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Year : 2017  |  Volume : 6  |  Issue : 2  |  Page : 77-82

Evaluation of the interaction of intravenous and oral voriconazole with oral cyclosporine in iranian HSCT patients

1 Department of Clinical Pharmacy, Tehran University of Medical Sciences, Tehran, Iran
2 Hematology-Oncology and Stem Cell Transplantation Research Center, Shariati Hospital, Tehran University of Medical Sciences, Tehran, Iran

Correspondence Address:
Molouk Hadjibabaie
Department of Clinical Pharmacy, Tehran University of Medical Sciences, Tehran
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Source of Support: None, Conflict of Interest: None

DOI: 10.4103/jrpp.JRPP_16_163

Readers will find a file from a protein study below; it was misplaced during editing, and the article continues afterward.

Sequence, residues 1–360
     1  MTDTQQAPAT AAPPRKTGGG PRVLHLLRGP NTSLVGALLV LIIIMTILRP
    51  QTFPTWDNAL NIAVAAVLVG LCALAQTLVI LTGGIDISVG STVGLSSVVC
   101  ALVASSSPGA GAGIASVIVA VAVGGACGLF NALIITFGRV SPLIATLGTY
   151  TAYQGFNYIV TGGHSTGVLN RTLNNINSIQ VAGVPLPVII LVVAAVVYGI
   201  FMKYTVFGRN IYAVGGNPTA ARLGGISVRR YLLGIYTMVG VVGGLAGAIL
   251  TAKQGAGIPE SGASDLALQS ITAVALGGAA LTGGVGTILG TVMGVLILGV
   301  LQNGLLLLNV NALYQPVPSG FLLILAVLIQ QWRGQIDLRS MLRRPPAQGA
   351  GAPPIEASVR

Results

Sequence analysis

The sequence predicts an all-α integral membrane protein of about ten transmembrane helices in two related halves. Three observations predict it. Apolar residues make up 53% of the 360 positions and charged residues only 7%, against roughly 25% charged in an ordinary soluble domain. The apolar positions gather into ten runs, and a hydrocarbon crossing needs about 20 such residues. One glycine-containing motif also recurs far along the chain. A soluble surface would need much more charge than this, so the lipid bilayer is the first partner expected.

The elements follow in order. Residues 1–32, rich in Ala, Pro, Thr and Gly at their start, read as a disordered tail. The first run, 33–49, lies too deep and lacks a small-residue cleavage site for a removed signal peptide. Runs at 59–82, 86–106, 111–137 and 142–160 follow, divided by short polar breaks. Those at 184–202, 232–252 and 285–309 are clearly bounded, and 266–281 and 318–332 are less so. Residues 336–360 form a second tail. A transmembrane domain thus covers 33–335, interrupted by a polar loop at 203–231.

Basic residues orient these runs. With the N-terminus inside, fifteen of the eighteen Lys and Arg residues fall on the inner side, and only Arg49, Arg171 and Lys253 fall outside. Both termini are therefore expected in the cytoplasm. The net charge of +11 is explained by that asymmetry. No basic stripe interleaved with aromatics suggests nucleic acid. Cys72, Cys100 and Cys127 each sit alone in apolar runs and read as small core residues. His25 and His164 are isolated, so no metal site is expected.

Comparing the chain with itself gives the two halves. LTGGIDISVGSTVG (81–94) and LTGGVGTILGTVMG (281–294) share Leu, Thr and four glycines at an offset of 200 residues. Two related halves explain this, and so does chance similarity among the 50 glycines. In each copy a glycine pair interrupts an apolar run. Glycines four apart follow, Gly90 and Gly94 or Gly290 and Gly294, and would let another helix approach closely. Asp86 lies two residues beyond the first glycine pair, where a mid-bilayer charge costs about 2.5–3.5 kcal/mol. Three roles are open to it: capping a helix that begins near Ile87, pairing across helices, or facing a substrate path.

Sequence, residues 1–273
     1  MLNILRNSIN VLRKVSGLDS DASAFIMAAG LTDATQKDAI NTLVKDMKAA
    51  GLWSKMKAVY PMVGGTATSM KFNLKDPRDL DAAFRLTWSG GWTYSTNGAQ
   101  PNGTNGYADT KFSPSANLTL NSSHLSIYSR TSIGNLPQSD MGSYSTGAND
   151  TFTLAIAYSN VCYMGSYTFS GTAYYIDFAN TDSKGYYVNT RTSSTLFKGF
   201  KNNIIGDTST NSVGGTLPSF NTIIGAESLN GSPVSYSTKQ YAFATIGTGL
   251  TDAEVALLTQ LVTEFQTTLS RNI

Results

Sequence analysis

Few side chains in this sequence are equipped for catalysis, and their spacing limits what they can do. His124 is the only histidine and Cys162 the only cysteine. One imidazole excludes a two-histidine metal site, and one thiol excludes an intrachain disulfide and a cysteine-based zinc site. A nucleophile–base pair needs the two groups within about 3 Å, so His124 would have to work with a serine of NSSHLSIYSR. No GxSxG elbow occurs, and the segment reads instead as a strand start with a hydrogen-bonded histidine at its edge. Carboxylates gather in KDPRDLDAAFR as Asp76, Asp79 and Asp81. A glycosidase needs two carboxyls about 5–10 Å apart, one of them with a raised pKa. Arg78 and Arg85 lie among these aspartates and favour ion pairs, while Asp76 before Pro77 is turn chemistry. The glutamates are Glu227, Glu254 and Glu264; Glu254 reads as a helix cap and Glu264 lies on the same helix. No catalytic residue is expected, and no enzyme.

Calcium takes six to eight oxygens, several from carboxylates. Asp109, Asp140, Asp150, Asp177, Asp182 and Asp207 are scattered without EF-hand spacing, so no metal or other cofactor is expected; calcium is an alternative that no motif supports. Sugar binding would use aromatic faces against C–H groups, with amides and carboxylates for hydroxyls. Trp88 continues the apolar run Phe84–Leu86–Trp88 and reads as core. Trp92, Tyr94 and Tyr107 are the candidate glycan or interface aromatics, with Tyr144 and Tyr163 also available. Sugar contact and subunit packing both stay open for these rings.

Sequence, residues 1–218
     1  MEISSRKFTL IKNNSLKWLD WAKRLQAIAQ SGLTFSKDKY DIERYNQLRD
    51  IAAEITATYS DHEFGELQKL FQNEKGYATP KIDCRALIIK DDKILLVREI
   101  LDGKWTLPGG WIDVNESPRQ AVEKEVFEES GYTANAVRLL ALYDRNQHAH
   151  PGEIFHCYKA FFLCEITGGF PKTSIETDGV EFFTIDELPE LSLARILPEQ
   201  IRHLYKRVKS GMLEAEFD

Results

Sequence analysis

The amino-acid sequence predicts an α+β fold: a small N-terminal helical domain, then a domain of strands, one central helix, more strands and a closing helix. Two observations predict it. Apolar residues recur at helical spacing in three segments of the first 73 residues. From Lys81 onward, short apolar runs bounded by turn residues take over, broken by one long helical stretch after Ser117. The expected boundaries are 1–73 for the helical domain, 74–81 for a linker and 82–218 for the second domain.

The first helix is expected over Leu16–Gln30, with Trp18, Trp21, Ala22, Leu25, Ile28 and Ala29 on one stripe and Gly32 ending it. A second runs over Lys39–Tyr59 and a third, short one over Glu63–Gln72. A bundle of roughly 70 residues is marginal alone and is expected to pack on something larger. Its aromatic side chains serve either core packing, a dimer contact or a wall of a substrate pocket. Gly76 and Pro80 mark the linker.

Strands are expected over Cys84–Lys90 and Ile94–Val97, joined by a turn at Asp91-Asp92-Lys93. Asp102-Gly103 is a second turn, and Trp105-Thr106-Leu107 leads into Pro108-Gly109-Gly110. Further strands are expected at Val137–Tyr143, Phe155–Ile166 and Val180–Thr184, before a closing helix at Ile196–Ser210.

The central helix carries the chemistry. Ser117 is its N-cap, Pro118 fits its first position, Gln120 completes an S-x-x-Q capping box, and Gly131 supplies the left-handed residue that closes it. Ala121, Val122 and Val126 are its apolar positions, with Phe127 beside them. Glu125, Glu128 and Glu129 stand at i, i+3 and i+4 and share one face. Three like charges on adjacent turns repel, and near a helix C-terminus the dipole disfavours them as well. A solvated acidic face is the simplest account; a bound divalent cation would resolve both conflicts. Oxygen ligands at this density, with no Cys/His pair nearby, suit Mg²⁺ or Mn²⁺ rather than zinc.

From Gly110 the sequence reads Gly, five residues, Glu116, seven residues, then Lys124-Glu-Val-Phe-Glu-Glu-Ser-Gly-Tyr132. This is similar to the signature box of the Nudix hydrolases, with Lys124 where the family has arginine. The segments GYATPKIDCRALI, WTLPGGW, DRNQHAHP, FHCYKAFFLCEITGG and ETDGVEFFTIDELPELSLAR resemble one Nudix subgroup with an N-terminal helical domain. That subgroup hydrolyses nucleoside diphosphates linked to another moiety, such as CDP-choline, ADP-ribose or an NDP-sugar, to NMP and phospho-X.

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Objective: Voriconazole as a triazole antifungal agent is widely used for prophylaxis or treatment of fungal infections in allogeneic hematopoietic stem cell transplantation (HSCT). It can increase blood concentrations of other medications including cyclosporine A (CsA) which are substrates for cytochrome P450 3A4. The aim of this study was to evaluate comparatively the interaction between oral/intravenous (IV) voriconazole and oral CsA. Methods: Twenty-nine recipients of allogeneic HSCT who had been already on a steady dose of CsA and were started on oral or IV voriconazole were evaluated in a prospective cohort study. Blood concentration of CsA was determined before and 5–8 days after voriconazole initiation. Plasma concentration of voriconazole was measured in steady state. The changes in blood concentration of CsA after administration of voriconazole were evaluated. Findings: The concentration/dose (C/D) ratio of CsA increased significantly (P < 0.001) after voriconazole initiation in both routes of administration (8.40%–174.10% increase in C/D ratio). The C/D ratio alteration of CsA did not differ significantly between oral and IV voriconazole group (P = 0.405). There was a significant correlation in all patients between plasma concentration of voriconazole and percentage of CsA C/D ratio increment (P = 0.046). Conclusion: There was a significant intrapatient variability in the magnitude of CsA blood concentration increment after voriconazole initiation. We also demonstrated that magnitude of drug interaction did not differ in IV and oral voriconazole administration. Furthermore, we found that the magnitude of drug interaction was correlated with plasma concentration of voriconazole.

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